Point-of-care multiorgan ultrasonography for the evaluation of undifferentiated hypotension in the emergency department
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We analyzed the efficacy of a point-of-care ultrasonographic protocol, based on a focused multiorgan examination, for the diagnostic process of symptomatic, non-traumatic hypotensive patients in the emergency department.
We prospectively enrolled 108 adult patients complaining of non-traumatic symptomatic hypotension of uncertain etiology. Patients received immediate point-of-care ultrasonography to determine cardiac function and right/left ventricle diameter rate, inferior vena cava diameter and collapsibility, pulmonary congestion, consolidations and sliding, abdominal free fluid and aortic aneurysm, and leg vein thrombosis. The organ-oriented diagnoses were combined to formulate an ultrasonographic hypothesis of the cause of hemodynamic instability. The ultrasonographic diagnosis was then compared with a final clinical diagnosis obtained by agreement of three independent expert physicians who performed a retrospective hospital chart review of each case.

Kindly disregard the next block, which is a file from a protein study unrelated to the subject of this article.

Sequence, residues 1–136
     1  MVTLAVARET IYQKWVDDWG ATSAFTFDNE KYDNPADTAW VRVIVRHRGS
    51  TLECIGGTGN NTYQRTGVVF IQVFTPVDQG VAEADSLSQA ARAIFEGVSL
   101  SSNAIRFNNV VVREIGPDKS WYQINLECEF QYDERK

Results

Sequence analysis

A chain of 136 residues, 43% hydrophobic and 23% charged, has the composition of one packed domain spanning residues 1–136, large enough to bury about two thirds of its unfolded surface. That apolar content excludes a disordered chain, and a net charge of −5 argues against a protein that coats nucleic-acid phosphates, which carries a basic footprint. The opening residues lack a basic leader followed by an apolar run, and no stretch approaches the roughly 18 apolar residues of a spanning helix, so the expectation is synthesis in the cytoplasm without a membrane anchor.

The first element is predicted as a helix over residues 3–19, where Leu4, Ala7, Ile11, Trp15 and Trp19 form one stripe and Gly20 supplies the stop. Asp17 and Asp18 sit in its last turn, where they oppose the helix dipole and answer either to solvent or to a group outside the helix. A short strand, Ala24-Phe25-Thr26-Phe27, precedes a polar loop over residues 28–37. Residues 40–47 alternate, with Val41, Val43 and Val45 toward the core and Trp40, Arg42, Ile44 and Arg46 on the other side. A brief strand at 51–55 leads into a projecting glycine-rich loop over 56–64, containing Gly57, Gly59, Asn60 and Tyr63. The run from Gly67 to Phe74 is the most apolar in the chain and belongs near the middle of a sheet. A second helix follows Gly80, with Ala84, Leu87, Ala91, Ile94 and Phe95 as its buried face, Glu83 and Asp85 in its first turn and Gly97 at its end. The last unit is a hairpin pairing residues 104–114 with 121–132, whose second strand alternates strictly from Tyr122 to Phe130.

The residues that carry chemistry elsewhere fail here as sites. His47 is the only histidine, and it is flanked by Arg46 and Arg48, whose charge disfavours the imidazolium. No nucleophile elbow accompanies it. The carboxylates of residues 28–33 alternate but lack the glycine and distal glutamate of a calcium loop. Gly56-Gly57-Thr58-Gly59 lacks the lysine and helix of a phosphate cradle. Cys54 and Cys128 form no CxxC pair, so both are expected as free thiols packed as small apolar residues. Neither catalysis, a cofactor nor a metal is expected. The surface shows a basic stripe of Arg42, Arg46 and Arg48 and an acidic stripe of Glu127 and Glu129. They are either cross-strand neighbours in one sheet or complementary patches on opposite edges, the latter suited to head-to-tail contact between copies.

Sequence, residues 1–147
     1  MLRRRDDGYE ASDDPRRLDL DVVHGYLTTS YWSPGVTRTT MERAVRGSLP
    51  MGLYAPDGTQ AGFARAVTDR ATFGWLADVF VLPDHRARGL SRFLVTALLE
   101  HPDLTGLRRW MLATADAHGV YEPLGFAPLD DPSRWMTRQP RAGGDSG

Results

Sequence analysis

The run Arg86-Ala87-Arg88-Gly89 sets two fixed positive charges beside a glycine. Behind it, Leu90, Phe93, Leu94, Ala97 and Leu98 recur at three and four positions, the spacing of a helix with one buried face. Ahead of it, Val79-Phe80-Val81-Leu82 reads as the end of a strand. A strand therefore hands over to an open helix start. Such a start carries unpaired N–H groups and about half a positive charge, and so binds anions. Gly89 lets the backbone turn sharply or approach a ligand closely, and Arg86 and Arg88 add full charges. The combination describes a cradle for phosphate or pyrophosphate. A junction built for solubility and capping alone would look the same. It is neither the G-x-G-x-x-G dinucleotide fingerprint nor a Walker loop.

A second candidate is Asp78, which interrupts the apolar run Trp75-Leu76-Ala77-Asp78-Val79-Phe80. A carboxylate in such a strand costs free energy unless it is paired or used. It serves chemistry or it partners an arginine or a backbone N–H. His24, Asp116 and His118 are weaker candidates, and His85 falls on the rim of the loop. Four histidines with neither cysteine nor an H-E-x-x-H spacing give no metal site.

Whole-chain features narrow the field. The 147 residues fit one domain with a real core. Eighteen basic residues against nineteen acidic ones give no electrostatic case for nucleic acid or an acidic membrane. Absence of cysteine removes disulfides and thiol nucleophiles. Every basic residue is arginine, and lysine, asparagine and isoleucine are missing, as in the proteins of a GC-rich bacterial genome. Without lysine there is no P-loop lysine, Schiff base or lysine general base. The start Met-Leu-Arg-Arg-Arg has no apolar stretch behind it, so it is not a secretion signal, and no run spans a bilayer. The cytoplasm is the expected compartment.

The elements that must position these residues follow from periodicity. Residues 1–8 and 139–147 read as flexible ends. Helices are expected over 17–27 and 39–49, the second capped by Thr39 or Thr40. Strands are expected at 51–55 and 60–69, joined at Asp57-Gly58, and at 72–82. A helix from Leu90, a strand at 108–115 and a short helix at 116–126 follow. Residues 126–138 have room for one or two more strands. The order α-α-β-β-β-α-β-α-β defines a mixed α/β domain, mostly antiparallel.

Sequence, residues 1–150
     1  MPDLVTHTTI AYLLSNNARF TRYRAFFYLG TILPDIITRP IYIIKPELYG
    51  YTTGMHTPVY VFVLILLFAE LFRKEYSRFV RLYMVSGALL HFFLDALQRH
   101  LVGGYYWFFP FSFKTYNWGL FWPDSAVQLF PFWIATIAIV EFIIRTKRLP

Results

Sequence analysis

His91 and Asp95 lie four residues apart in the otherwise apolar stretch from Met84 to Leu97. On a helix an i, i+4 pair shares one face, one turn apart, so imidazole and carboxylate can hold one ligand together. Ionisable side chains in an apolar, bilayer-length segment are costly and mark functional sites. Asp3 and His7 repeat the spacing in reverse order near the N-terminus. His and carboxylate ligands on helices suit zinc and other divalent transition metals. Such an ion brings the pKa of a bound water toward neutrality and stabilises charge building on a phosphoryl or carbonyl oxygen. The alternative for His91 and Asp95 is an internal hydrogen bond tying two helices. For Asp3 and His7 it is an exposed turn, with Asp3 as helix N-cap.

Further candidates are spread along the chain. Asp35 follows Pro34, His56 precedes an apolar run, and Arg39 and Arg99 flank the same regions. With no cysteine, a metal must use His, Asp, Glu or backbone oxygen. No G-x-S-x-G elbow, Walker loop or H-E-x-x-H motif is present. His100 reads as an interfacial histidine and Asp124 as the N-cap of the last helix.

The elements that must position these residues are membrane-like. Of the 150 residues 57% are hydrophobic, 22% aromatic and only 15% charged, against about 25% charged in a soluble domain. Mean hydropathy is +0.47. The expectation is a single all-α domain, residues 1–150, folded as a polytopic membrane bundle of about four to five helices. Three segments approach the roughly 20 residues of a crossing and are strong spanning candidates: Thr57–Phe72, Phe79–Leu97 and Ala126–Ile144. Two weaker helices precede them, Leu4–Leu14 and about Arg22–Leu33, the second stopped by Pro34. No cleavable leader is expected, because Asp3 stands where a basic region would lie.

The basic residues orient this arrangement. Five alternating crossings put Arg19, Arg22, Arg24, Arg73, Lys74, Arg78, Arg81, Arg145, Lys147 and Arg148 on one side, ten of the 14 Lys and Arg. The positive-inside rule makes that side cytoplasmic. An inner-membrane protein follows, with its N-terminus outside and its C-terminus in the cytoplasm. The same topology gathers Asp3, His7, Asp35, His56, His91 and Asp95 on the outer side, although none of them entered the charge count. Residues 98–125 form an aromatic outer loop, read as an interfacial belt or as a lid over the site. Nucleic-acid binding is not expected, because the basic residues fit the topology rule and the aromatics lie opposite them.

Considering the whole population, concordance between the point-of-care ultrasonography diagnosis and the final clinical diagnosis was interpreted as good, with Cohen’s k = 0.710 (95 % CI, 0.614–0.806), p < 0.0001 and raw agreement (Ra) = 0.768. By eliminating the 13 cases where the final clinical diagnosis was not agreed upon (indefinite), the concordance increased to almost perfect, with k = 0.971 (95 % CI, 0.932–1.000), p < 0.0001 and Ra = 0.978.
Emergency diagnostic judgments guided by point-of-care multiorgan ultrasonography in patients presenting with undifferentiated hypotension significantly agreed with a final clinical diagnosis obtained by retrospective chart review. The integration of an ultrasonographic multiorgan protocol in the diagnostic process of undifferentiated hypotension has great potential in guiding the first-line therapeutic approach.
KeywordsHypotension Shock Ultrasonography Diagnosis
The authors thank all the staff of our emergency department who worked with enthusiasm in the study.
Conflicts of interest
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